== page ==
The Southeast Asian Regional Center for Graduate Study and Research in Agriculture (Searca) is now the laying groundwork for its 10th five-year plan (FYP), championing sustainable and pro-poor agricultural and rural development (ARD) for a food-secure Southeast Asia.
In a statement, Searca Director Gil Saguiguit said that the new plan would help address issues of rapid urbanization, impact of climate change in agriculture and declining research on farming in the Southeast Asian region.
“As with the rest of the world, the region is expected to face rapid population growth, fast-paced urbanization, increased income, shifting consumer demands, changes in dietary preferences, declining rural farmer population and ageing farmers in the near future,” he said.
Saguiguit stressed that to achieve a sustained inclusive and pro-poor growth that can benefit the agriculture sector, where majority of people are dependent, remained to be the major challenge for the Southeast Asian region.
Overall, Saguiguit said that the strategic themes of Searca’s 10th FYP are likely to include the optimization of resources for sustainable agricultural production, with emphasis on land and water resource management and agro-biodiversity conservation; climate change adaptation; trade, markets, value chains, agribusiness and entrepreneurship; ARD policy, governance and institutions; and integrated agricultural systems for food security and poverty reduction.
On a limited scale, Searca will support the pilot testing and transfer of workable models or approaches that will promote innovative agricultural systems, including models for integrating small farmers into the global supply chain and commercial food systems, that address the problems of resource-poor farmers/fisherfolk in the region.
Searca’s 9th FYP envisioned an enabled environment for rural poverty reduction and food security in the region through the agency’s core programs on graduate scholarship, research and development, and knowledge management that are focused on two priority themes—natural resource management (NRM) and agricultural competitiveness.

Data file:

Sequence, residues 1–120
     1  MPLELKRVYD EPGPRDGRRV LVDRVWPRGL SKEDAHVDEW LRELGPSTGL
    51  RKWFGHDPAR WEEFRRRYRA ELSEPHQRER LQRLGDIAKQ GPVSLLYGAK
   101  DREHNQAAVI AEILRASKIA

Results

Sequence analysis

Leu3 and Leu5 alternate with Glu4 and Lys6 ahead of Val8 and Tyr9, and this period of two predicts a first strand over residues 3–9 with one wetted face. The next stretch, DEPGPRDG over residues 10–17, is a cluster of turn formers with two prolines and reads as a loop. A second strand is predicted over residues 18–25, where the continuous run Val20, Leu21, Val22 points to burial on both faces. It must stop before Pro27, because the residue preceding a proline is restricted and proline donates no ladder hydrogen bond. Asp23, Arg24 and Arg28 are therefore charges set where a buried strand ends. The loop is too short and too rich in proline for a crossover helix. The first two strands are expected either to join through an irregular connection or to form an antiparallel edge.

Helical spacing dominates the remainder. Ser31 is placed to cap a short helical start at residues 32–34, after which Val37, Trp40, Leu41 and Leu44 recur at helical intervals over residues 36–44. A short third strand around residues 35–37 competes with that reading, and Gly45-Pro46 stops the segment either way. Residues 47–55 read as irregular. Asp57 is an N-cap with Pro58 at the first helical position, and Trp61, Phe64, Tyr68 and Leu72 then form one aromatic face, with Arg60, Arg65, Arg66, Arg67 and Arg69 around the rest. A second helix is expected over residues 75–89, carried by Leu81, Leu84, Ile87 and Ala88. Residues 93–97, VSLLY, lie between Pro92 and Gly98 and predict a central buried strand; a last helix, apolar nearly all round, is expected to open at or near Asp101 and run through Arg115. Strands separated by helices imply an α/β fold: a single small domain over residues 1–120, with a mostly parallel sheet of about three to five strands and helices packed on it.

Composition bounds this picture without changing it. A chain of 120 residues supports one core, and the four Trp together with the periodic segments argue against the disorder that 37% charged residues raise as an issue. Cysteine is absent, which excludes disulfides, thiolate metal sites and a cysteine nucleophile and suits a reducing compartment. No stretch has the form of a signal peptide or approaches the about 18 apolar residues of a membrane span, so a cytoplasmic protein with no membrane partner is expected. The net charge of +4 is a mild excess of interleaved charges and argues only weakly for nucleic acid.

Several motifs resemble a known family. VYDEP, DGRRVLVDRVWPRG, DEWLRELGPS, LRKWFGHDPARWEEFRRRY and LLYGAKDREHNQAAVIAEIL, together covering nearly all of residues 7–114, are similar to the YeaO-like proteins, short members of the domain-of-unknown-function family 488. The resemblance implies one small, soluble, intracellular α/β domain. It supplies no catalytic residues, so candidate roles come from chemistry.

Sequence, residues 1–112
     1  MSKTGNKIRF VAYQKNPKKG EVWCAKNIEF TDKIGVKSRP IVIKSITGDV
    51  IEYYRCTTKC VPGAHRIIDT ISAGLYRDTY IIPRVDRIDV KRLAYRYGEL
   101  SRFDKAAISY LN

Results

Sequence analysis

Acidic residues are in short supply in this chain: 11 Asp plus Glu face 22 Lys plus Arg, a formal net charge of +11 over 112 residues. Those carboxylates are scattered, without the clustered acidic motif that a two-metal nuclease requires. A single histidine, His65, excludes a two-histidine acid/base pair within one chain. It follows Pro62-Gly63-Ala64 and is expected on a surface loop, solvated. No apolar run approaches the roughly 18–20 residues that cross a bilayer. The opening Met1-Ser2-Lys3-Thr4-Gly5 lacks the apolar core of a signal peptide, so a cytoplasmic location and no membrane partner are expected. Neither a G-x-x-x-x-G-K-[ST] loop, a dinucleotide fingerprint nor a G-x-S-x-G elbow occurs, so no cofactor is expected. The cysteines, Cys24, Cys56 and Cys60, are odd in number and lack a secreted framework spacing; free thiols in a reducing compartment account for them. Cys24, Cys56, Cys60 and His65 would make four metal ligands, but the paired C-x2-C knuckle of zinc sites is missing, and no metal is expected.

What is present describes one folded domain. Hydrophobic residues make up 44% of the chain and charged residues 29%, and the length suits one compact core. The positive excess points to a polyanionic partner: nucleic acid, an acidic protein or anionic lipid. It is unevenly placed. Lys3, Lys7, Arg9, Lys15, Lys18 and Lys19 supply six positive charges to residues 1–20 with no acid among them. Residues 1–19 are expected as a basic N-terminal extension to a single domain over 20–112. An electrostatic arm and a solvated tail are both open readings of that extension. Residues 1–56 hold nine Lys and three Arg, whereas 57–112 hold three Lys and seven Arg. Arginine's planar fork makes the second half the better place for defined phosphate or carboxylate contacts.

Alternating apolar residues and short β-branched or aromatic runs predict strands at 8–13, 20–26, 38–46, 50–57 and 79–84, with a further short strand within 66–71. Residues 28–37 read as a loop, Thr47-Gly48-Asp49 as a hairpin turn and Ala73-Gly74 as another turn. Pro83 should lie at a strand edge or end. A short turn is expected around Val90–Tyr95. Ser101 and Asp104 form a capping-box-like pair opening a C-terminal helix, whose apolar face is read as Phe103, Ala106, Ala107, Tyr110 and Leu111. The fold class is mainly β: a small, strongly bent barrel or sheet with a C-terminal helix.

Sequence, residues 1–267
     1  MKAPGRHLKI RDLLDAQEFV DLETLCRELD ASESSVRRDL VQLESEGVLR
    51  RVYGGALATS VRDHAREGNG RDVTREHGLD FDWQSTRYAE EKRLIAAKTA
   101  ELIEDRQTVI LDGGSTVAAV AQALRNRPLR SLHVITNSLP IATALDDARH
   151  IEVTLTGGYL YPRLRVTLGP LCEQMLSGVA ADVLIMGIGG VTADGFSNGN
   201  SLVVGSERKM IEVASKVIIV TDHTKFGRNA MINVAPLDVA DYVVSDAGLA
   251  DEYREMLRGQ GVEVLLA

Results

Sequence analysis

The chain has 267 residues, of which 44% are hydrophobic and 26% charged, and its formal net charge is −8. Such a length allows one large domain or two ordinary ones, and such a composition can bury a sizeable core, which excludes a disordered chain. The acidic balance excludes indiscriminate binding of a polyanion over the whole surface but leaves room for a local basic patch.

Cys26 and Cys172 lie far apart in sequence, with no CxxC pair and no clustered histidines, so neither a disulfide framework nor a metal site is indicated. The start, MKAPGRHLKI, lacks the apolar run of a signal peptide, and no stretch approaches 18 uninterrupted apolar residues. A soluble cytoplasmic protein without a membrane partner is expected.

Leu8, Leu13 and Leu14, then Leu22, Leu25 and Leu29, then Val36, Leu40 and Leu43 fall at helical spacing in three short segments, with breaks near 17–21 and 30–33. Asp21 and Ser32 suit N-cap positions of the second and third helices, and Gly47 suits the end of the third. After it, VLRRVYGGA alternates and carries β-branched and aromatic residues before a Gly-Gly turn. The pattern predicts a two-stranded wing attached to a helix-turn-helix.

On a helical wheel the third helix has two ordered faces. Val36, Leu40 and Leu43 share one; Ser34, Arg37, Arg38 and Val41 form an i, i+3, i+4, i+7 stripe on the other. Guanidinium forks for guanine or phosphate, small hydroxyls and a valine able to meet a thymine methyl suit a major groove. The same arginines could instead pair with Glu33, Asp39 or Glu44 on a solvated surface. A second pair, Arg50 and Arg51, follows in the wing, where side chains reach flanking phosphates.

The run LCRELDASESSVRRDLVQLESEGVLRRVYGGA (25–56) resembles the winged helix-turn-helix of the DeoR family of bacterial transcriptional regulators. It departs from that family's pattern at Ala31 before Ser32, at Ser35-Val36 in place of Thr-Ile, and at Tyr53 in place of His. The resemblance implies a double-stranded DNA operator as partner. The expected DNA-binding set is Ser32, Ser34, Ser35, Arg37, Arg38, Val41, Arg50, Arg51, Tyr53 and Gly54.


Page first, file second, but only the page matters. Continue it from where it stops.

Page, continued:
The agency is now nearing the conclusion of its 9th FYP covering the period 2009/2010 to 2013/2014.
Saguiguit said that recognizing that most of Southeast Asian countries are still predominantly agriculture-based and that majority of the population considered poor in the region are in the rural areas despite increasing urban population, it is incumbent upon Searca to focus its 10th FYP on the key drivers of ARD.
“We need to realize the critical role of agriculture in the food security and inclusive growth needs of Southeast Asia,” he said.
He added that capitalizing on its existing and future regional and global networks and linkages, Searca is well-positioned to connect to policy makers at the regional and national levels through quick response schemes.
Also, Searca’s graduate scholarship program will continue to become among the most visible activity of the agency in the region. As of school year 2012/2013, Searca has awarded 1,515 graduate scholarships.
Saguiguit said that the impact of Searca’s graduate scholarship program has been well documented, noting for example the important leadership roles of graduates in agricultural and rural development of their respective countries upon their return.
Searca was established by the Southeast Asian Ministers of Education Organization in 1966 primarily to provide to the participating countries high-quality graduate study in agriculture; promote, undertake and coordinate research programs related to the needs and problems of the Southeast Asian region; and disseminate the findings of agricultural research and experimentation.
James Konstantin Galvez